How to Use Information Technology for Cooperative Work: Development of Shared Technological Frames

Abstract

Technological frames, participants’ assumptions about information technology (IT), and in particular about the usage of the technology for everyday cooperative work, are a relevant factor for IT related behavior. Incongruent technological frames are associated with problems during the application and use of a new IT in an organization. This paper presents a field study which applies a pre–post-design in a freight forwarding company. During face-to-face discussion the participating employees of the company negotiated agreements regarding the future usage of a new mobile technology system for every day cooperative work between dispatcher agents and truck drivers. To support the development of shared technological frames the moderation technique STWT (socio-technical walkthrough) was applied. The results describe the structural changes in technological frames, and show to what extent these were shared by the participants. Based on the results possibilities to improve support for the development of shared technological frames are discussed.

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Notes

  1. 1.

    The project was funded (grant 01HT0143) in the context of the research program “work in the e-business” of the German government. Web address of project: http://ls10-www.cs.uni-dortmund.de/Archiv/spiw/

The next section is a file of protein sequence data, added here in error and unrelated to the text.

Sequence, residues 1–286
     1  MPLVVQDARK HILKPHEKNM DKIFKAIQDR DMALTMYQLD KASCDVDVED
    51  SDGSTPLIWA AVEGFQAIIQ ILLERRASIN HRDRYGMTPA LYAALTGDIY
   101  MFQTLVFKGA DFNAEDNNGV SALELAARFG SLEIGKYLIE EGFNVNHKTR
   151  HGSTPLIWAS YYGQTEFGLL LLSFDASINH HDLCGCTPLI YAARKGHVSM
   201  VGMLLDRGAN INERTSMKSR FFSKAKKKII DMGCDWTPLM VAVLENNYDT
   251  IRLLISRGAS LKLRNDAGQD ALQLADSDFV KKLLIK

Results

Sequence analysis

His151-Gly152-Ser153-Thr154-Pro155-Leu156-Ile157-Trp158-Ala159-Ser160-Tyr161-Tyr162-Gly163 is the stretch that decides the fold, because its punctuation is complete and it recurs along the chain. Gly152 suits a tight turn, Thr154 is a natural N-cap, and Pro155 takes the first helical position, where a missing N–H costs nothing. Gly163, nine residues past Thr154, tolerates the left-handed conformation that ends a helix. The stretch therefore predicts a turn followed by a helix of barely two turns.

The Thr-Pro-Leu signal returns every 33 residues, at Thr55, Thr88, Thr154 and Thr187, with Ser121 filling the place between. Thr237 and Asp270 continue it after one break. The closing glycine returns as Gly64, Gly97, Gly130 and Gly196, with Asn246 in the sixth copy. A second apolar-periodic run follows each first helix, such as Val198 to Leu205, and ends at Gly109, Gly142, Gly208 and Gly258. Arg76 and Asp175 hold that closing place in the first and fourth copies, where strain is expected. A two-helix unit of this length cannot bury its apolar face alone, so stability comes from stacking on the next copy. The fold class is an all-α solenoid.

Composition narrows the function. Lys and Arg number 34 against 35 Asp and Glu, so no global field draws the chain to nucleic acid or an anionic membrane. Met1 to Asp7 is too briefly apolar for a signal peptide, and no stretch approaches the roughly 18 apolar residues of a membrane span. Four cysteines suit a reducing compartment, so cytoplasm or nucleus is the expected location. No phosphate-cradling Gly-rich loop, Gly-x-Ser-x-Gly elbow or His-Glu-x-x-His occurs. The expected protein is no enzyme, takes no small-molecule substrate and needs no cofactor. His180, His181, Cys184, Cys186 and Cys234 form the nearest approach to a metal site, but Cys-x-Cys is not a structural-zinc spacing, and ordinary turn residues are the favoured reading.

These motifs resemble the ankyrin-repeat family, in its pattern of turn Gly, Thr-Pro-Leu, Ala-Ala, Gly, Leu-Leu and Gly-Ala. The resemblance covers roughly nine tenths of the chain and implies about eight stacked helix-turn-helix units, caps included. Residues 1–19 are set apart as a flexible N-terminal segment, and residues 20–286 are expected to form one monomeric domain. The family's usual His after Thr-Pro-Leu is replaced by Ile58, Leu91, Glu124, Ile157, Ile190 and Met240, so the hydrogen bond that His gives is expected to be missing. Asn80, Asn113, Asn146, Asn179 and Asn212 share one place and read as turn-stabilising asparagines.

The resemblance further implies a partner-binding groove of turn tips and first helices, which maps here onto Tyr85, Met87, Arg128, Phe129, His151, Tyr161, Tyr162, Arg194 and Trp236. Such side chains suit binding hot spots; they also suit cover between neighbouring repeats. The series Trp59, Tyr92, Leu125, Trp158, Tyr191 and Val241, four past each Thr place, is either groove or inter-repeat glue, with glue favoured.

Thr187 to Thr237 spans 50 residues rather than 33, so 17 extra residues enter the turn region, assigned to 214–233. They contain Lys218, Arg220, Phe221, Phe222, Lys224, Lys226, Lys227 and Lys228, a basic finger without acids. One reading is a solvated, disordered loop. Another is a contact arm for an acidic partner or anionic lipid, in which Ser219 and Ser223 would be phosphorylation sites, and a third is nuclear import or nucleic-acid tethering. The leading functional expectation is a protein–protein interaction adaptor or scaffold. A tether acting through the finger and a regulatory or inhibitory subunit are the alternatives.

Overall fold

2. 2.

    http://www.imtm-iaw.ruhr-uni-bochum.de/projekte/seeme/index.html

  3. 3.

    In [] notices of the author.

  4. 4.

    The Jaccard measure was used since this is a measure for binary data. To compare with other similarity coefficients for binary data (e.g. phi correlation or kappa of Cohen) the Jaccard measure obtains for two persons, A and B, the following quotient: the numbers of codes 1 (a feature is present in both participants) is divided by the sum of the codes with the meaning “a feature is present in both persons” and “a feature is present only in person A” and “a feture is present only in person B”. The code “0” for both persons, A and B, meaning that “a future is not present”, is not considered for the Jaccard analysis as compared with other similarity coefficients for binary data. Other measures, e.g. phi correlation or kappa, take into account the similarity regarding both codes (0 as absence of a feature and 1 as presence). So, applying phi correlation the knowledge structures of the participants could be very similar, if they contain many “0” together as absence of a proposition. But the similarity regarding the information which two persons do not have in their propositional knowledge net structures is not appropriate to describe their sharing of information.

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Acknowledgements

I would like to thank Thomas Herrmann and Gabriele Kunau for their support of the study presented here. Additionally, I thank the reviewers for their helpful comments regarding earlier versions of this paper.

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Menold, N. How to Use Information Technology for Cooperative Work: Development of Shared Technological Frames. Comput Supported Coop Work 18, 47 (2009). https://doi.org/10.1007/s10606-008-9083-6

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Keywords

  • introduction of new IT
  • technological frames
  • shared agreements
  • moderation
  • visualization
  • socio-technical walkthrough